Drivers across the country are feeling the pain at the pump, but few are seeing a higher jump than those in Grand Junction.
Three weeks ago, we reported about Grand Junction's $3.03/gallon average being amongst the lowest in the country in this article. Exactly three weeks later, the city's average sits at $3.59/gallon.
Small businesses, for the most part, have been able to deal with the rising cost. But, as gas prices get closer to record levels, one local industry is preparing for the pinch.
"I love being outdoors and working," Matt Morgan with 2 Brothers Landscaping said at a job site on Wednesday.
As spring nears for his business, clients start calling and his cash flow begins to improve. "Usually as soon as the water hits, I get pretty busy," Morgan explained. "People are like, 'Hey! It's spring, let's do something!'"
Throughout the summer, you can find Morgan driving all over the Grand Valley for work. His company services clients from Loma to Palisade and everything in between.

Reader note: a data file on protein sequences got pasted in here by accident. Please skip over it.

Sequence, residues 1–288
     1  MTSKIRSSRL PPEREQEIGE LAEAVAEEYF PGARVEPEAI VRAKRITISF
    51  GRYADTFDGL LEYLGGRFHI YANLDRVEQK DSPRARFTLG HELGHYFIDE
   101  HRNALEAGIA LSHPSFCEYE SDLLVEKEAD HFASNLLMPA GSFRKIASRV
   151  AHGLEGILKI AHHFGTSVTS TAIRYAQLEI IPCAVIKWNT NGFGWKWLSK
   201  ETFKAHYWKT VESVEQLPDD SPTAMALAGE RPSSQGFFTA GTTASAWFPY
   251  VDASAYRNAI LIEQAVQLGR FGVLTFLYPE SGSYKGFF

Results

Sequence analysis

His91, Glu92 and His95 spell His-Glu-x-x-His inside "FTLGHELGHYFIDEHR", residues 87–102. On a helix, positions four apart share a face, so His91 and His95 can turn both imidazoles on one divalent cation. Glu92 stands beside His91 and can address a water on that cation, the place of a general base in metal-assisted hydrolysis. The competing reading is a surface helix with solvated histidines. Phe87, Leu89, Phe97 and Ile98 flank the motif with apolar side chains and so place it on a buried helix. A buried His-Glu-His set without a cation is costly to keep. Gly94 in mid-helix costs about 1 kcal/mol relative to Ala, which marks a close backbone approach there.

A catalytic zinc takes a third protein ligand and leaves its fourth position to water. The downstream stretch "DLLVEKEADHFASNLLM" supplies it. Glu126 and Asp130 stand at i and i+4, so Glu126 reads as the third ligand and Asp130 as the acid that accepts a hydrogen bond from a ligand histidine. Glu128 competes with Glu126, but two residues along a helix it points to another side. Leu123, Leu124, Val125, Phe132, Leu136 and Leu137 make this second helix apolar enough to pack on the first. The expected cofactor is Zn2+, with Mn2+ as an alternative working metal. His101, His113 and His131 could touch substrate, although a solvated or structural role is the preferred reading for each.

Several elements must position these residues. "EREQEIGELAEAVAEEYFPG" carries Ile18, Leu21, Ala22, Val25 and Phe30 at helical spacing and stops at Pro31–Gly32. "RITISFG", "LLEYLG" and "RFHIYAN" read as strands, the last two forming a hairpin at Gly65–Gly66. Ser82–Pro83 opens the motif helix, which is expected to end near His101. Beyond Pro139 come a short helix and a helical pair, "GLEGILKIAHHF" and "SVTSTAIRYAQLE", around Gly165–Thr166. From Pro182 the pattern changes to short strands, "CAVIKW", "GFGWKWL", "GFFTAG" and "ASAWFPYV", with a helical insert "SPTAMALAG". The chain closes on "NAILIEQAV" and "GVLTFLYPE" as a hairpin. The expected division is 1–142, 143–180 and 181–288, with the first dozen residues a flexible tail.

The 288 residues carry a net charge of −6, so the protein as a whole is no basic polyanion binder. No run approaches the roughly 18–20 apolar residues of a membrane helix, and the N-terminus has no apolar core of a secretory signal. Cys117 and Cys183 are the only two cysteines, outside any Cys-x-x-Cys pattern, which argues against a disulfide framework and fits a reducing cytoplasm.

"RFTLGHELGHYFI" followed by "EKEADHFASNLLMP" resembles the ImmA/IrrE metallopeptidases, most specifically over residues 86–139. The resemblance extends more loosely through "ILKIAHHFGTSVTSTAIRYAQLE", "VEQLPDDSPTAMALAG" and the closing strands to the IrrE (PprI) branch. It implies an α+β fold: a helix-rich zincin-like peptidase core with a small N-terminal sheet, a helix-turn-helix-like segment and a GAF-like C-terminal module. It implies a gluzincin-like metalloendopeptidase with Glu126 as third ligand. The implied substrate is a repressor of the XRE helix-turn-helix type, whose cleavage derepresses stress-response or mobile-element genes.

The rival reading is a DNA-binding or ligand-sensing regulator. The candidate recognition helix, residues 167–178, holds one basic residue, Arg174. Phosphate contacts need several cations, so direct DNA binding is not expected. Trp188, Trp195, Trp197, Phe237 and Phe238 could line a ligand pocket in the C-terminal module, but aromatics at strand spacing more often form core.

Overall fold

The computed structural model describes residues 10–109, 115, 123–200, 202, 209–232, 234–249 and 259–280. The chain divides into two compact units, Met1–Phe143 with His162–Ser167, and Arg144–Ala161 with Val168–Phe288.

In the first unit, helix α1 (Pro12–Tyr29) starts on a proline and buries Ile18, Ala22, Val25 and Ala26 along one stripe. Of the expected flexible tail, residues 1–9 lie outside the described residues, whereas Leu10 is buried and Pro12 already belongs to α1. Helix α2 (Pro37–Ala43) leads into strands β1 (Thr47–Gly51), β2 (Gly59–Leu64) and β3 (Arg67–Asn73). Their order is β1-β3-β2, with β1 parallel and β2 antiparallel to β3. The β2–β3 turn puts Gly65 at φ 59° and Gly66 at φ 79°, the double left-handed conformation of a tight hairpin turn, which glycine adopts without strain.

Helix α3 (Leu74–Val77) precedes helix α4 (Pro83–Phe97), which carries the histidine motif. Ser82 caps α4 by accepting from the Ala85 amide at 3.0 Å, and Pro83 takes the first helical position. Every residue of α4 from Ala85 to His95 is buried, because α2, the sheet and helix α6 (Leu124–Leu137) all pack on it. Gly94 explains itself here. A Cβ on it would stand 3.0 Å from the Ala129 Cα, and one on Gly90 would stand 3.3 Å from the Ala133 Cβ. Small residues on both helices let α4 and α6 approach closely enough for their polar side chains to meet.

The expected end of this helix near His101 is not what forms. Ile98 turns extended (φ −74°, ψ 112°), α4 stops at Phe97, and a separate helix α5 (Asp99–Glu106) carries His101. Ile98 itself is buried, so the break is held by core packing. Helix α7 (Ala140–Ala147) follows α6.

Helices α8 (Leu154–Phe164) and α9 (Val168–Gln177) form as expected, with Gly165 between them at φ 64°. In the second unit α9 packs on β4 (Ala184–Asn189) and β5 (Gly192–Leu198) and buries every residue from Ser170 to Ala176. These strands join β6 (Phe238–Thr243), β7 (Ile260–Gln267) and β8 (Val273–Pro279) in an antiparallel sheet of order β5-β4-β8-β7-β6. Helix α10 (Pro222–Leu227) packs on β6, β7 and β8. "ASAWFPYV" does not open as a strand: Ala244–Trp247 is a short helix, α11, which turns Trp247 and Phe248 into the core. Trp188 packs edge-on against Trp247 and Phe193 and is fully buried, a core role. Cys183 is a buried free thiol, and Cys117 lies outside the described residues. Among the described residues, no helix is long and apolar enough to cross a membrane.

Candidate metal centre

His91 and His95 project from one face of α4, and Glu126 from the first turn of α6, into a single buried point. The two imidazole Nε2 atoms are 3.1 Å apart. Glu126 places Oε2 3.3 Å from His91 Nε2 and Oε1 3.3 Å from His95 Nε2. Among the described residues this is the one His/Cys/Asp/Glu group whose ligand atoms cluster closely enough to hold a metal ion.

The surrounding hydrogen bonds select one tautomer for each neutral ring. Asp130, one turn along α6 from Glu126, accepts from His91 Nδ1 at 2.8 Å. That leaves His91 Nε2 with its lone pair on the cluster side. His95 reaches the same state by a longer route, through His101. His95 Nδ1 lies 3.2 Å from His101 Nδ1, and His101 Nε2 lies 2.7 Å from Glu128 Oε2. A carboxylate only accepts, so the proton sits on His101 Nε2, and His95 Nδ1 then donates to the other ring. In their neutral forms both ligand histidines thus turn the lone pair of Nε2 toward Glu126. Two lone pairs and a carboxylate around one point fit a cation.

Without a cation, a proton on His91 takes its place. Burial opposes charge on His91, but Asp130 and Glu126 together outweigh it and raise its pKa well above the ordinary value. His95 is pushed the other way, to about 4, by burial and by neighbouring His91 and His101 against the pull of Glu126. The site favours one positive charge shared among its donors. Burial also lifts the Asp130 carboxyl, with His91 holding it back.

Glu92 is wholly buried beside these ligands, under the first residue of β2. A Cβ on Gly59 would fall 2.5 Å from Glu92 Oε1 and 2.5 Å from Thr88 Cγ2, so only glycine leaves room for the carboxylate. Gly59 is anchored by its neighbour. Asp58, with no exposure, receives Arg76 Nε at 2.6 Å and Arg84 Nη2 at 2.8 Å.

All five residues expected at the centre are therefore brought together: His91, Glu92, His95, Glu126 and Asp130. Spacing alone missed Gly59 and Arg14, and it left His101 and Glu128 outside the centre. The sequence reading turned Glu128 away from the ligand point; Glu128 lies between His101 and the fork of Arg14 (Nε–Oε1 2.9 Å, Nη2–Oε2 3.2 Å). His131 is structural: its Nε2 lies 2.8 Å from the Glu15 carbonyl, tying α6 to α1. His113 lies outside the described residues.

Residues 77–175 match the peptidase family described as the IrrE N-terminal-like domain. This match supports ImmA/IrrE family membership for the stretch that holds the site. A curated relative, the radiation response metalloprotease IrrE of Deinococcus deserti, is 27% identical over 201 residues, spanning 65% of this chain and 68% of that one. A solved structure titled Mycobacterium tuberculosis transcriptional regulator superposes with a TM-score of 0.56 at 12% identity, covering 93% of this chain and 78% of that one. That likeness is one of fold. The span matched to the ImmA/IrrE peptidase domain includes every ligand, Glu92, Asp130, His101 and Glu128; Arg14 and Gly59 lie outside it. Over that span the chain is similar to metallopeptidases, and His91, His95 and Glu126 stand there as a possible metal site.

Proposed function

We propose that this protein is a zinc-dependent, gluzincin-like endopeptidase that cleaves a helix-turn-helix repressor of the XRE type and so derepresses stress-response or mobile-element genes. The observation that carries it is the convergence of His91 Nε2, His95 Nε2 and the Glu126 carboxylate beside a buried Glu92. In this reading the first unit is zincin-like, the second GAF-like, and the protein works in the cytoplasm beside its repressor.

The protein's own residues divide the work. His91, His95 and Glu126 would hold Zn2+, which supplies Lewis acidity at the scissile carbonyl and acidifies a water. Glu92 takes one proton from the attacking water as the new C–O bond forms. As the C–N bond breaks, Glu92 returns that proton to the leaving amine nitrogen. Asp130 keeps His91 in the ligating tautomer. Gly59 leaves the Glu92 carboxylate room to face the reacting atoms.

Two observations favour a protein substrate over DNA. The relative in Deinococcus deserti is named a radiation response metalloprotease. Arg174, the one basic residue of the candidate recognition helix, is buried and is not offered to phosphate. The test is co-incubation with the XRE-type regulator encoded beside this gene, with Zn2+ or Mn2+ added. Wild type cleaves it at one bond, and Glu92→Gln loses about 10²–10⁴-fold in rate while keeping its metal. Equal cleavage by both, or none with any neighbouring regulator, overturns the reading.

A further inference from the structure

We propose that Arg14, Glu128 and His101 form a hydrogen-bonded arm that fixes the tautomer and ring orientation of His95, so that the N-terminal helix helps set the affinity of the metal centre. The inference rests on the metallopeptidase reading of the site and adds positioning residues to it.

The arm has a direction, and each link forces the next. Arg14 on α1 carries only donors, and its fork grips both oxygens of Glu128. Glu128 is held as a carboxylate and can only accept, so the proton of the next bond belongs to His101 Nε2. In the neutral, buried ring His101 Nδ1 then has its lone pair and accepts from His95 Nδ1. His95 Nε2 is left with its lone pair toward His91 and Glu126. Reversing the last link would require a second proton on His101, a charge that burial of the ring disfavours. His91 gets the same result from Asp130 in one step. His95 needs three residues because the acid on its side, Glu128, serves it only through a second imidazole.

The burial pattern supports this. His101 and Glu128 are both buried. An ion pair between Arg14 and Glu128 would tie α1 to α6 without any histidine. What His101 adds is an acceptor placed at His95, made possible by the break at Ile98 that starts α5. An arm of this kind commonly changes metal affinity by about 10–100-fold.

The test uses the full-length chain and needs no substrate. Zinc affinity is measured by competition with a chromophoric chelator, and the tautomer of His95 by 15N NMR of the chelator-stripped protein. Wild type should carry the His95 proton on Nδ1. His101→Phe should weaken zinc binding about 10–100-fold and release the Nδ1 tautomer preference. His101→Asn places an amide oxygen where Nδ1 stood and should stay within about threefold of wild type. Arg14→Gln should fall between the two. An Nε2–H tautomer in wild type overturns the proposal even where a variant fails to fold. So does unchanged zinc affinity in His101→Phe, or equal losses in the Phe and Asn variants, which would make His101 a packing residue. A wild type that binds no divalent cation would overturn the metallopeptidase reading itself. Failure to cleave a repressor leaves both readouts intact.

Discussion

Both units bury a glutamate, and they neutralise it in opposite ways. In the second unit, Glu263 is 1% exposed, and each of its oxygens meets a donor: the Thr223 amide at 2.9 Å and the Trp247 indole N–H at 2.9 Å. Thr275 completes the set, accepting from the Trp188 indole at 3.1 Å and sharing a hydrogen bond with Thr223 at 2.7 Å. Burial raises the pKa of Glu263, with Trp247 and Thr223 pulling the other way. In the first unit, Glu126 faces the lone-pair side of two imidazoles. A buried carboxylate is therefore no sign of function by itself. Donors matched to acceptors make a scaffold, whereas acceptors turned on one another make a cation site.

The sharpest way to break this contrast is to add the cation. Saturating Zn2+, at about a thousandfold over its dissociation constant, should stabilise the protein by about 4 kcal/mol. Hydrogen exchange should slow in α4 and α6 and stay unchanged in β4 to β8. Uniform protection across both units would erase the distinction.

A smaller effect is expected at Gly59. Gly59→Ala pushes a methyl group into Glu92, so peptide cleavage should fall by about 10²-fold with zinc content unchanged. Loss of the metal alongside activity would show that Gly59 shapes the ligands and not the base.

But as business picks up, so do the expenses. One of his largest is gasoline. "Sometimes you talk to client and say 'Hey, listen. I have to pass that cost on,'" he explained. "But if it's a bid job, you just have to stand by your price and do the best you can to get the job done as fast as possible."
In just the last three weeks, Morgan has stood by with the rest of us watching Grand Junction's average price of gas climbed nearly 60 cents.
Wednesday, we had a chance to sit down with Congressman Scott Tipton on the issue. He assures us he's watching from 2,000 miles away in Washington, D.C.
"The other day I filled up by F-150 and it cost about 80 dollars to do so," Tipton said. "I believe we can impact gas prices and create certainty for country."
Tipton is hopeful that the long-term answers lie with energy independence and the Keystone Pipeline, but wonders if there could be more immediate relief.
"We're seeing some price increases now because of regulatory compliance to be able to switch over to these summer time formulas for fuels," he noted. "Can we look at how that can be adjusted in maybe different areas of the country as opposed to a sort of one-size-fits-all type of method?"
Others in congress have wondered the same thing, although nothing has been done yet to push that kind of plan forward.
Until something is done to curb prices in the short term, small businessmen like Morgan will have to figure out how to cope.
"This year looks like it will be an alright year," he said. "You just gotta keep on going on."